Wells Fargo executives appear to have a battle plan when it comes to defending themselves from the outcry of criticism over the fake-accounts scandal that has rocked the bank.
The problem with their battle plan? It's severely undermining their strength when it comes to fighting a larger war: the conflict over whether giant universal banks like Wells Fargo are not just too big to fail, but also simply too big to manage effectively. And, ultimately, whether they're too big to exist in their current bloated states.
Wells Fargo's Chairman and Chief Executive Officer John Stumpf took center stage on Tuesday, not only at a hearing by the Senate Banking Committee, where firebrand Senator Elizabeth Warren called for him to resign and face a criminal investigation, but also on Hillary Clinton's enemies' list.
"We need to make sure that no financial institution is too big to manage," Clinton wrote on her website. "I’ll put additional safeguards in place to address the risks that the big banks continue to pose to our system. And if any bank can’t be managed effectively, it should be broken up."
Again and again, Stumpf and the bank have fallen back on the talking point that only about 1 percent of Wells Fargo's approximately 100,000 retail branch employees were fired each year since 2011 for ginning up fake accounts.
That may be a foolish route to take. That 1 percent for five years adds up to 5,300 employees and somewhere in the neighborhood of 2 million accounts, so by highlighting how small of a percentage it is also highlights how huge and unwieldy the bank has become after its mergers with Wachovia, Norwest and others.
Stumpf didn't do himself any favors by testifying Tuesday that "in a retail business, where you have a hundred thousand people in seats at any one time, in our 6,200 branches, there is a lot of turnover."
He also didn't help himself by trying to walk back the bank's emphasis on cross-selling. Stumpf tried repeatedly to tell the panel that selling multiple accounts was about deepening the bank's relationships with its customers. Warren hammered him about gloating on earnings calls about the rising number of accounts per customer and the goal of eight, because it rhymes with "great."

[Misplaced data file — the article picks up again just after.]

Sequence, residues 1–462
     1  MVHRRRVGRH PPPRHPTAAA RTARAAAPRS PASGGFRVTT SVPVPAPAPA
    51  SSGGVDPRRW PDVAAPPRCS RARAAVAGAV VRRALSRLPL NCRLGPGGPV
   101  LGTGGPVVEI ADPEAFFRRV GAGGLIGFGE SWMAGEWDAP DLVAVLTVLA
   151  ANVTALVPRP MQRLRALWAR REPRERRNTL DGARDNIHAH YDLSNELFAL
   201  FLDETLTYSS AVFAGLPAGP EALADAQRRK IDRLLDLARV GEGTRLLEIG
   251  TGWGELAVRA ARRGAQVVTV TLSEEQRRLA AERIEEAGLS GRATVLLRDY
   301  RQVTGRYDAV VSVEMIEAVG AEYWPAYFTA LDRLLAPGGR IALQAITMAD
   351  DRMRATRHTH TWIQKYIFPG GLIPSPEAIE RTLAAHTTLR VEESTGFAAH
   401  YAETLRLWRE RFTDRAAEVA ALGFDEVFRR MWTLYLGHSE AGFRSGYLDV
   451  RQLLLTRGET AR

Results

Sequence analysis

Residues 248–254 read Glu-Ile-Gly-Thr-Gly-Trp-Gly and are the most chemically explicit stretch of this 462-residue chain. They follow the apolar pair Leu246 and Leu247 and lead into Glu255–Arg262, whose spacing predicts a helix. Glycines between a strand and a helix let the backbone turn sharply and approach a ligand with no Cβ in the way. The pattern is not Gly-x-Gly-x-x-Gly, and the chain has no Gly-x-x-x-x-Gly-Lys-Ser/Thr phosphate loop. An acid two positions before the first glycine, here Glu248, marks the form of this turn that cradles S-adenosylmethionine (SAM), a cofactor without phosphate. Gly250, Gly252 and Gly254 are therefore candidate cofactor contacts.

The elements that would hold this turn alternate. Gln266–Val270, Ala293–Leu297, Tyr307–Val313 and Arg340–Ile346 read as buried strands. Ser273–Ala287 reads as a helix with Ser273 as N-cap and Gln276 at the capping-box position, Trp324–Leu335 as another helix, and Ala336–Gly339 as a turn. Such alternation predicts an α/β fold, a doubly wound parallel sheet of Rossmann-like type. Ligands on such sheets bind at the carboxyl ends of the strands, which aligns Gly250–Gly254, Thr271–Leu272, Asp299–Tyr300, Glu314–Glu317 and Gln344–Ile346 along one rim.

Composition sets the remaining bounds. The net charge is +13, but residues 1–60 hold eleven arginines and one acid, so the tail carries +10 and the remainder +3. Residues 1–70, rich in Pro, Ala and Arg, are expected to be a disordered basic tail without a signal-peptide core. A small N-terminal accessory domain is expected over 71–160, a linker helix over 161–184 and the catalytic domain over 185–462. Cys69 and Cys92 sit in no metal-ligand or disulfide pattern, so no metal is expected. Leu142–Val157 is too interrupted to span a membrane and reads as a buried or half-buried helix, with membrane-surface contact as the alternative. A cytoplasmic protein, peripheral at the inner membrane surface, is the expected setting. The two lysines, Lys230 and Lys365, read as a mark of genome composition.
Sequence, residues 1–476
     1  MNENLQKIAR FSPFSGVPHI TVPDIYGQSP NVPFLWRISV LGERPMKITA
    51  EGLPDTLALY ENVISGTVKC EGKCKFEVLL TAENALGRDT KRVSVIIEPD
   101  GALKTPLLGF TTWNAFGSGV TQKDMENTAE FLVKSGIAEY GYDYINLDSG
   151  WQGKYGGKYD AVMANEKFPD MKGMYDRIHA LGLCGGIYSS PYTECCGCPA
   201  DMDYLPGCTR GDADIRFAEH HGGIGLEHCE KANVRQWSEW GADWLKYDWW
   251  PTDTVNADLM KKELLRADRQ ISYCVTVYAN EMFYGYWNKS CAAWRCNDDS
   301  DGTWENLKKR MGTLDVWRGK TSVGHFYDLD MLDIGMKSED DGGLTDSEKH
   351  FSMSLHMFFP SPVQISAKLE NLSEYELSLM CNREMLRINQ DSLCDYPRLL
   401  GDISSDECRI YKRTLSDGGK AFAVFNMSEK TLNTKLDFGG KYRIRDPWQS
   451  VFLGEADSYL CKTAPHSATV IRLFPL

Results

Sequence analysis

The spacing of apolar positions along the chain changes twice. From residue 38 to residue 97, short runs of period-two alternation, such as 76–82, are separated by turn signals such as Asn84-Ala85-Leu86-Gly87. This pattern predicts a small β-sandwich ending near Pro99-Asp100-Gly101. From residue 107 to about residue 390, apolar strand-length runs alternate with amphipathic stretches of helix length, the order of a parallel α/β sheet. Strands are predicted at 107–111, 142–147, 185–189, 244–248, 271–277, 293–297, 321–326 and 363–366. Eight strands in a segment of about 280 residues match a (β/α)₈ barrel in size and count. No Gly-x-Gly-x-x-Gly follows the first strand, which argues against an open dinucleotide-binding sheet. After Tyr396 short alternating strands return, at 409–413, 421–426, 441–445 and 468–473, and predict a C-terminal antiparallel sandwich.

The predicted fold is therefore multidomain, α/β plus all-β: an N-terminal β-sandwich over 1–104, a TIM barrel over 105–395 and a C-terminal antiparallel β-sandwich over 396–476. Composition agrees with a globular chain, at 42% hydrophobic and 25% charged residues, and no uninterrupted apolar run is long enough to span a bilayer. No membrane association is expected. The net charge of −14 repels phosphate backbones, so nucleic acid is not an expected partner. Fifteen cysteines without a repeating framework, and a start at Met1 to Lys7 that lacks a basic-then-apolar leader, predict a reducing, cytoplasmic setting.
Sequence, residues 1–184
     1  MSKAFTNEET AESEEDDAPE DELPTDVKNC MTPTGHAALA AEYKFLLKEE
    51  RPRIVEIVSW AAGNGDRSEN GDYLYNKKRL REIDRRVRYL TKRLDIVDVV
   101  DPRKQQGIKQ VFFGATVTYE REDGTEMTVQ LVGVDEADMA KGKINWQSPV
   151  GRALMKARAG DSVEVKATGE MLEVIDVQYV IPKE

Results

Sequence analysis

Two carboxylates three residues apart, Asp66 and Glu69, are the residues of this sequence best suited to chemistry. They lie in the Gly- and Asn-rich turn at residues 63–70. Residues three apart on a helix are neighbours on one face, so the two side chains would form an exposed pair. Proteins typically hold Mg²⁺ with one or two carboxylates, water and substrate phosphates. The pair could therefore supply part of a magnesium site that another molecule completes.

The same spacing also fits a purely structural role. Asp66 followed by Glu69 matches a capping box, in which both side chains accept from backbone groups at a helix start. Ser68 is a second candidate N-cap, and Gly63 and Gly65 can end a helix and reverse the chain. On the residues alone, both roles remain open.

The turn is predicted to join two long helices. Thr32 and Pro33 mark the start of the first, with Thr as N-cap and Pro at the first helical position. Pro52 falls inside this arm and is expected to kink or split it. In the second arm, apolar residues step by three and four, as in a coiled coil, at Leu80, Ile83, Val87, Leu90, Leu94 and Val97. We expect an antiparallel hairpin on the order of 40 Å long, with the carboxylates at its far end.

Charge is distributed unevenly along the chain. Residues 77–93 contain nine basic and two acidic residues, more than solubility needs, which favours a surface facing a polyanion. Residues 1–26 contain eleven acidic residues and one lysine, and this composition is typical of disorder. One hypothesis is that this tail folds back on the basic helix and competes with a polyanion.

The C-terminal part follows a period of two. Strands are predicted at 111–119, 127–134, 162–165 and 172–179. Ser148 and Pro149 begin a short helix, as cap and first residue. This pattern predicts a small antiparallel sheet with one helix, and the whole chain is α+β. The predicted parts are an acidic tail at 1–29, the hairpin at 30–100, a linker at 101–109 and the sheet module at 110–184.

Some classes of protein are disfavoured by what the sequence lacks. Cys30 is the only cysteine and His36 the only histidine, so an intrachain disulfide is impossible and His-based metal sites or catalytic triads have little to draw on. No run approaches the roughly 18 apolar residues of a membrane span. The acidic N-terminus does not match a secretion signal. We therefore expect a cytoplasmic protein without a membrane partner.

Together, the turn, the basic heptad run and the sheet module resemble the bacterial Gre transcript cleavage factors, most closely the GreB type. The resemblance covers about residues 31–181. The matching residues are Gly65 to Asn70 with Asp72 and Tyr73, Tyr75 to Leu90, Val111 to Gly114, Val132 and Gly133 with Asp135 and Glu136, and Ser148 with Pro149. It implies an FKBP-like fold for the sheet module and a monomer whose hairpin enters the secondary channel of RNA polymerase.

And about those 2 million fake accounts. Wells Fargo can't even say how many fake accounts there truly were, despite what Stumpf called an assortment of "triangulations around how to understand when there might be improper behavior."
Wells Fargo brought in PWC to help figure it out, and it really can't say either. The more than 2 million accounts were flagged by the consultant as those that "may have been unauthorized," as Stumpf testified on Tuesday.
Indeed, Stumpf couldn't even say whether he or other executives had fake accounts opened in their names. When asked about that, he responded: "I don't know that. I've not seen a letter on mine, and I was not refunded any of the dollars." And Stumpf, whose banking career has spanned nearly 35 years, didn't seem to know what sort of problems the fake accounts are causing his customers when it comes to their credit scores: "I don't know the algorithms."
Neither can the bank tell us when the fraudulent account activity began to snowball. The settlement announced on Sept. 8 involves conduct starting in 2011, but Stumpf said the bank was going back to 2009 and 2010 when Wachovia was being absorbed to determine whether the misbehavior was taking place then.
One thing Stumpf was clear about was his compensation for last year: "$19.3 million," he said in response to a question from Senator Bob Menendez. "Now that's good money," the senator responded dryly.
Stumpf repeatedly tried to fall back on his talking points. "Trust is the core element of any relationship, surely in the financial services business," he told the committee.
He's right, of course, and the trust between Wells Fargo and its customers has been left shredded like an old credit card that's been closed out.
The bigger question now is how much trust is left between the American people and the executives who manage financial enterprises as big and sprawling as Wells Fargo. Stumpf did not do his fellow too-big-to-fail chieftains any favors during his time in the hot seat.
This column does not necessarily reflect the opinion of Bloomberg LP and its owners.
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